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Scoring Goals For Youth and Community-Led Development in Brazil

Scoring Goals For Youth and Community-Led Development in Brazil

By Inter-American Foundation on Comment

To say soccer is popular in Brazil is more than an understatement. By the time the country hosted the 2014 World Cup, Brazil’s national team had already been the only one to never miss a qualifier. Many employers even give their workers the day off during Brazil’s World Cup matches. On the professional side there are more than 10,000 Brazilians playing on teams all over the globe.

That’s why it makes sense that our grantee partner Instituto Fazer Acontecer, or the “Make It Happen Institute,” uses the game to spur community development in “o País do Futebol,” a Portuguese phrase referring to “the country of football.” Make It Happen organizes training for sports educators and young Brazilians in the metropolitan area of Salvador, Bahia and in the semi-arid region of this eastern Brazilian state.

 

A woman coaches a boy soccer player with other players on the field in the background

Sport for development and peace 

The organization uses soccer and other sporting activities to reach youth and to educate them both on the field and on the sidelines. When not playing they learn about resisting drug abuse, discrimination, environmental education, citizen roles within society, human rights and employment opportunities. When playing they practice respect, cooperation, partnership and collaboration.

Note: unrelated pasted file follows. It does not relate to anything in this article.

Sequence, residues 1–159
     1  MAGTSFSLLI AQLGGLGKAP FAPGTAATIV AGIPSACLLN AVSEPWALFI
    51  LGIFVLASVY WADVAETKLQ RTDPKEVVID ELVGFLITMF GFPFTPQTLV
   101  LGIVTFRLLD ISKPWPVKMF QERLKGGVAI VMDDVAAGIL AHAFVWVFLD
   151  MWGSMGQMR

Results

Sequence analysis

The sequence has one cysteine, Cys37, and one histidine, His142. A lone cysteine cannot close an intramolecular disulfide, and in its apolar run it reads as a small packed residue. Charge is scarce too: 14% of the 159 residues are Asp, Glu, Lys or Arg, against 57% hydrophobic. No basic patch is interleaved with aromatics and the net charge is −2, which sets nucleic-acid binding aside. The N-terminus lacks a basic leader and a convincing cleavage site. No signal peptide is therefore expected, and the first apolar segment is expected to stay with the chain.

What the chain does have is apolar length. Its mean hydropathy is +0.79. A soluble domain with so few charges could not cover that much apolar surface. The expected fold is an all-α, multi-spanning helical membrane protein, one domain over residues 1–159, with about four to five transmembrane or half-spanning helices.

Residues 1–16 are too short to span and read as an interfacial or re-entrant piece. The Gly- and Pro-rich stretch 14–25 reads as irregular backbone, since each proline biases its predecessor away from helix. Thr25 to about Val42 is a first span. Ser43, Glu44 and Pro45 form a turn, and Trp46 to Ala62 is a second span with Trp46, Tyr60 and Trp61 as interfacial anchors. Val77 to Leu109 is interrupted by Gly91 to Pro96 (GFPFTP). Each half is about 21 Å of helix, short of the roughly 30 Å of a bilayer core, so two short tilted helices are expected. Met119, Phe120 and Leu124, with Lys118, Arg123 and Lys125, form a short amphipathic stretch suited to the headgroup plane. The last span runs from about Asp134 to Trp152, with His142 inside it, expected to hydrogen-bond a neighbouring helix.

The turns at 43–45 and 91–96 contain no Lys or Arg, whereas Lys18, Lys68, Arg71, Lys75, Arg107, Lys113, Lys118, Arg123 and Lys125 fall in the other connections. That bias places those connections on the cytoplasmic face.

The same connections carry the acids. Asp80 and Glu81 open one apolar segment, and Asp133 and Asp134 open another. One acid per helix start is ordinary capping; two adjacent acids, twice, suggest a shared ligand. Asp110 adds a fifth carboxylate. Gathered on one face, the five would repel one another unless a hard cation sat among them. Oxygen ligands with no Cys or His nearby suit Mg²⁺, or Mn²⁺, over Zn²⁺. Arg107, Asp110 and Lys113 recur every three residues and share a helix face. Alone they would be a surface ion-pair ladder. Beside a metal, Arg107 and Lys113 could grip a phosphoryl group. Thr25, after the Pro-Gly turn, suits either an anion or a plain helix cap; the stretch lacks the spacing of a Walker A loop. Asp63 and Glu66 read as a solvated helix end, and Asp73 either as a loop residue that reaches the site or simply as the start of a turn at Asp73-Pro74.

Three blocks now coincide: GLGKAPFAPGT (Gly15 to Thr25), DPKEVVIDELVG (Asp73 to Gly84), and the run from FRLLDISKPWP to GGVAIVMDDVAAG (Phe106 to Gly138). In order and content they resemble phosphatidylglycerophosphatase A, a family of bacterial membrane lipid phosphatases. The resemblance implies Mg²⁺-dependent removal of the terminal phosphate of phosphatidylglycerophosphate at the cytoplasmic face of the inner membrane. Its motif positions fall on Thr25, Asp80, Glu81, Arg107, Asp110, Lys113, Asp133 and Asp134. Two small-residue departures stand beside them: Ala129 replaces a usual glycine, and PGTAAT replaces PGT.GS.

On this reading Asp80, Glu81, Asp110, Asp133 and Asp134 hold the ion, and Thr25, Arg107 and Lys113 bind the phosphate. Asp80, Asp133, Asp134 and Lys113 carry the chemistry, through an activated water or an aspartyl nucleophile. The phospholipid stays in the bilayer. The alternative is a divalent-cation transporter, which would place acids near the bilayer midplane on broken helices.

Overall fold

Sport is incredibly valuable for improving social and economic progress. This is why the United Nations recognizes April 6 as International Day of Sport for Development and Peace.

 

Several soccer teams sit and listen to a lecture before a tournament begins

Making an impression that lasts 

By teaming up with local governments that provide people to help and public courts for activities, Make It Happen ensures the education will continue after it moves to other areas to expand its activities. The ultimate goal of these partnerships is the hope that local government officials will include the organization's practices in the public education curriculum. In this way the programs continue to benefit the local community after the initial support from Make It Happen.

In the semi-arid region of Bahia, Make It Happen achieved success when 10 municipalities out of 12 continued with the sports project. Eight of those adopted the organization’s practices as public policy. Policy makers embraced the program when they saw significant results in a reduction of youth delinquency, an increase in school performance and a growing culture of peace in violent areas.

 

A youth soccer team in Brazil poses for a photo with IAF foundation representative

New challenges ahead 

Following a visit to the coastal town of Conde, Bahia in March, IAF foundation representative for Brazil David Fleischer said local governments recognize how the group’s athletic activities have improved educational performance and have reduced petty crimes like vandalism. “Make It Happen helps them excel at school, teaches them to respect others and follow rules,” Fleischer said. “I watched a mixed match of dodgeball. All were eager to play together. The game was super civilized, and the kids didn’t cheat.”

With our continued grant support last year, Make It Happen is able to move into a more challenging environment. They plan to introduce the sports program to communities in the metro area of Salvador, the largest city in the Northeast Region and the third largest city in the country. Salvador has high levels of violence and crime especially involving young people who will benefit from the organization’s influence.

 

A soccer team practices drills on the beach in Brazil with the ocean in the background

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